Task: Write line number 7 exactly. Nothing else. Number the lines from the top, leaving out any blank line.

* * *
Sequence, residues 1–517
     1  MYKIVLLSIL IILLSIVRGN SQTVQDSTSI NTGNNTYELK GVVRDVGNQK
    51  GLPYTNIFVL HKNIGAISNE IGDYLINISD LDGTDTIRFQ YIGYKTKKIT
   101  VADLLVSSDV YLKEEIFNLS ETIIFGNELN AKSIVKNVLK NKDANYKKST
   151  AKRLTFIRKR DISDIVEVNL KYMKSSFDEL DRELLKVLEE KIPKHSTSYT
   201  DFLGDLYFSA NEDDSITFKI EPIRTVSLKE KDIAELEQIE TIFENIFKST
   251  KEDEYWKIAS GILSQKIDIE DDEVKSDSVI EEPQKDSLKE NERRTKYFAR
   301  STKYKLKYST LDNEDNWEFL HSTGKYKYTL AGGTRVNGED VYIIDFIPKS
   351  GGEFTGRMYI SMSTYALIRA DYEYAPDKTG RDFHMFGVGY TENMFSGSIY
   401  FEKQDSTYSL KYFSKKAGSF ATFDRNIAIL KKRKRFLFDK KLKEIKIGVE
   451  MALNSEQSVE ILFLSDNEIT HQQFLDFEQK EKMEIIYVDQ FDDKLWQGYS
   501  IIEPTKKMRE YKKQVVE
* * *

   251  KEDEYWKIAS GILSQKIDIE DDEVKSDSVI EEPQKDSLKE NERRTKYFAR